One great asset when buying a flats boat is the internet. There are endless places to shop and get a feel for the flats boat market. Boat Trader, dealer websites, forums, and even Craigslist. Once you have an idea of the boat you’re interested in, start Googling for forums and articles about that certain boat. Websites like Micro Skiff and Skinny Skiff have good information on different poling skiffs. Another great trick is to look for the skiffs guides are using in your area. These guides make a living on their skiffs, and have plenty of good information from personal use. I always recommend going out with a guide who runs the skiff you’re looking at. Not only get more information about the skiff but actually fish on the boat.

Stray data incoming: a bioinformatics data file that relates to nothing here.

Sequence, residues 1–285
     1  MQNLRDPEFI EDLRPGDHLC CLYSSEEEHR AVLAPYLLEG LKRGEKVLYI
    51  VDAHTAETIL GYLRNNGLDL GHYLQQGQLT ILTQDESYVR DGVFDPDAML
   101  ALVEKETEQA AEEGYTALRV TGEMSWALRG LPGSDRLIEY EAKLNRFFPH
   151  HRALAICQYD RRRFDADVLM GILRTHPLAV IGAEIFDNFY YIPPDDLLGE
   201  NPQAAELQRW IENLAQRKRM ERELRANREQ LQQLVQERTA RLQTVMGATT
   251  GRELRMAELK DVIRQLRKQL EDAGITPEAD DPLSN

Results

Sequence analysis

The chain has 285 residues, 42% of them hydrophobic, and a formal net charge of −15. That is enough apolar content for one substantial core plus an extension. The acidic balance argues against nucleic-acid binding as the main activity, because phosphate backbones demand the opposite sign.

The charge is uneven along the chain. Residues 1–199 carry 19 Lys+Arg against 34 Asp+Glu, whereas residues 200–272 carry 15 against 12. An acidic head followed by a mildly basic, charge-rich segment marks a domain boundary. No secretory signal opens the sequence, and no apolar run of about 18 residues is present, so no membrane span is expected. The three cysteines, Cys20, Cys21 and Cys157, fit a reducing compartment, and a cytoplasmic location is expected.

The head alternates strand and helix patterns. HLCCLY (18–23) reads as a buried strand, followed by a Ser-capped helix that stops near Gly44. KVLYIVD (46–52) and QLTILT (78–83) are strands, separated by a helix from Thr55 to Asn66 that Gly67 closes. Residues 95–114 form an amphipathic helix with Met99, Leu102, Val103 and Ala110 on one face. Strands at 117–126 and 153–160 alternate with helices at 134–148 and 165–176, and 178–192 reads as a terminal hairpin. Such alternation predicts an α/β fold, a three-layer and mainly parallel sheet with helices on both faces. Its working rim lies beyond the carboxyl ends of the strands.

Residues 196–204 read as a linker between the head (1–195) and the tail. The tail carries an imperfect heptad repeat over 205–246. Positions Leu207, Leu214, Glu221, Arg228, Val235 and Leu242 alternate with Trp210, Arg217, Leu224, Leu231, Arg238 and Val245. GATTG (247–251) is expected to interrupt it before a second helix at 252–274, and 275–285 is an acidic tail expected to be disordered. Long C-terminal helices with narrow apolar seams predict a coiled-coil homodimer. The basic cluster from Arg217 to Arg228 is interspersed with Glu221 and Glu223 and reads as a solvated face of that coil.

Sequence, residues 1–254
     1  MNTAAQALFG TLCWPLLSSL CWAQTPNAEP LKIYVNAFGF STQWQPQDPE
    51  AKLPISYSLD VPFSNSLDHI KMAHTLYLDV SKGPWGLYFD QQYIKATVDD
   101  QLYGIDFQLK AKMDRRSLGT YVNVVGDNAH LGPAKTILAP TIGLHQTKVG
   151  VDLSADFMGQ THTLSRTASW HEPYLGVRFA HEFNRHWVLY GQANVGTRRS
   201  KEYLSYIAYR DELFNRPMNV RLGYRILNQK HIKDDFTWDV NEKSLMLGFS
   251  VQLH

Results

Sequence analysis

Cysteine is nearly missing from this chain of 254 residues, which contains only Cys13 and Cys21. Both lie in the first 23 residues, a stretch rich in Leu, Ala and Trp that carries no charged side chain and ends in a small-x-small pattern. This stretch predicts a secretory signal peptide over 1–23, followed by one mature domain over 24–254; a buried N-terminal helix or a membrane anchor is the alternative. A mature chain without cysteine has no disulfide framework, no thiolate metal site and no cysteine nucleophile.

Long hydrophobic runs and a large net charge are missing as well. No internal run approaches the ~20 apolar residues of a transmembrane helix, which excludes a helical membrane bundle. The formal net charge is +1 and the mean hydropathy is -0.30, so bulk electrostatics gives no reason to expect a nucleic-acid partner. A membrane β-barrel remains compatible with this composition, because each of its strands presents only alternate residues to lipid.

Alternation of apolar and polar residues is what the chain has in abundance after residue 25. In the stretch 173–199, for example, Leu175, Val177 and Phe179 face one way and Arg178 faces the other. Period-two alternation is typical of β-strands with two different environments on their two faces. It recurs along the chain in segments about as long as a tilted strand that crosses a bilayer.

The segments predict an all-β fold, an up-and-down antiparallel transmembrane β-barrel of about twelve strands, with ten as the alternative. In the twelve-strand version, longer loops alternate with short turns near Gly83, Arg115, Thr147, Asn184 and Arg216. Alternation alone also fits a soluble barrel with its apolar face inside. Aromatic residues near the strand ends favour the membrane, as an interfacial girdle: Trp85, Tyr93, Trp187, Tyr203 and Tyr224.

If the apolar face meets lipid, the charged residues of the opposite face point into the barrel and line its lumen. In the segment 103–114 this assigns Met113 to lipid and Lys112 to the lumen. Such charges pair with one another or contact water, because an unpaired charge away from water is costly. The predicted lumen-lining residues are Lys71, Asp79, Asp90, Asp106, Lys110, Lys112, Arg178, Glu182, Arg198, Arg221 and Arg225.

The Technical Skiff:

DSC04420-1200x800The term “Technical” is used a lot in the flats boat industry. Mostly referring to skiffs that are designed for the angler who wants the absolute best performance when poling, fishing, and running. This is the badass side of the skiff market and usually the most expensive because of how they are built and how they perform on the water. People sometimes complain about how expensive these skiffs can be, but there is a reason they cost $35-60K for a brand new 17ft boat. Companies like Maverick Boat Company, Hells Bay Boatworks, East Cape Skiffs, Chittum, Beaver Tail, Dolphin, and other big names put a lot of time in research and development. These technical skiffs are designed and built for fishing the flats just like a Lamborghini is built for going fast. The history behind these skiffs is amazing and it’s truly unbelievable how much technology has been developed over the last 20 years. It all started with a boat to get you and your angler shallower, and closer to the fish in their natural environment.